Pluto may wear its heart on its sleeve, but the Moon wears its dramatic history on its face, in the chaotic array of craters blanketing the lunar surface. The Moon has no atmosphere to drive erosion and no modern volcanic or tectonic activity, making impact cratering the primary agent of change.
Partly because of this activity, the Moon’s crust is highly porous. This porosity extends deep into the crust, between 10 and 25 kilometers, and possibly into the lunar mantle. Porosity affects many properties of the surface area, including heat conduction and liquid permeability. Studying crustal porosity—and how it develops in a terrestrial planetary body—offers scientists valuable insight into the thermal and chemical processes that drive the evolution of planets.
Soderblom et al. looked at data collected by the two Gravity Recovery and Interior Laboratory spacecraft, which measure the Moon’s gravitational field. The team studied gravitational anomalies in order to quantify the relationship between crater size and porosity generated by impact. They found evidence that the amount of porosity that is created by an impact is related to the crater size for craters up to 100 kilometers in diameter. (The porosity associated with larger craters is likely truncated at depth.) The amount of pore space after impact was also determined by impact variables like size, velocity, and angle.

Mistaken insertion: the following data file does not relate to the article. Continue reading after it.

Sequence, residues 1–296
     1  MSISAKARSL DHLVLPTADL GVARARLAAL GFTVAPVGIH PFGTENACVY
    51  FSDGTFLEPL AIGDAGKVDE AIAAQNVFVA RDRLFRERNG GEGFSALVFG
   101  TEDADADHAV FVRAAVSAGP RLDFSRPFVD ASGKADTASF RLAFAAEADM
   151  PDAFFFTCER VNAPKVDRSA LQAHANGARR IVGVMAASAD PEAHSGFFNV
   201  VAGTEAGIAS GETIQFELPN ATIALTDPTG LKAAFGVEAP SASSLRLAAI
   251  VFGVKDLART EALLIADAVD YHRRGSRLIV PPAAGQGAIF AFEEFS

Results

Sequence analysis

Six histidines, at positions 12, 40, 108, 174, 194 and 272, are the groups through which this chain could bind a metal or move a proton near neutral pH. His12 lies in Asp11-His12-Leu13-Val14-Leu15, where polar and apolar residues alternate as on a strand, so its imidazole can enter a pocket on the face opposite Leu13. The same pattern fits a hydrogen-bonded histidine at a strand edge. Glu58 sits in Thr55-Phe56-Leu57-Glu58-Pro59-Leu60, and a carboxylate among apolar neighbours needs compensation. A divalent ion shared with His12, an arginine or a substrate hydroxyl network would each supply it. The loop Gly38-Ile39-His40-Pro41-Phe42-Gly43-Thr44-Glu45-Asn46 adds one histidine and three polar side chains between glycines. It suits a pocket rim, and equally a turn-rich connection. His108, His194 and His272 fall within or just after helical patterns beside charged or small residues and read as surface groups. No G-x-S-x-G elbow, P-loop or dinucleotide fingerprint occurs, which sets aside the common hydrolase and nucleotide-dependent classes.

The researchers further suggest that, in cases where the crustal porosity is very high, impacts are actually capable of reducing porosity. Thus, averaged over large areas, impact cratering leads to porosity equilibrium. In other words, after enough impacts occur in an area, the density of the Moon’s surface will not change, on average, with new impacts.
The constant bombardment also results in cratering equilibrium, where craters are created and destroyed at roughly the same rate. Although the Moon’s surface may be a kind of geologic Etch A Sketch, the gravity signature of the lunar subsurface still contains an intact record of past cratering that reveals its history.
These insights contribute to a scientific understanding of planetary bodies and how they evolve. The unique physical conditions of the lunar surface offer scientists a helpful analogue for crustal conditions on a young, Archean Earth and similar developmental stages on other planets, like pre-Noachian Mars. The study of surface features and the history they reveal is fundamental to our growing knowledge of the galaxy. (Geophysical Research Letters, doi:10.1002/2015GL065022, 2015)
—Lily Strelich, Freelance Writer
Citation: Strelich, L. (2015), Subsurface craters expose the Moon’s dramatic past, Eos, 96, doi:10.1029/2015EO037841. 22 October 2015.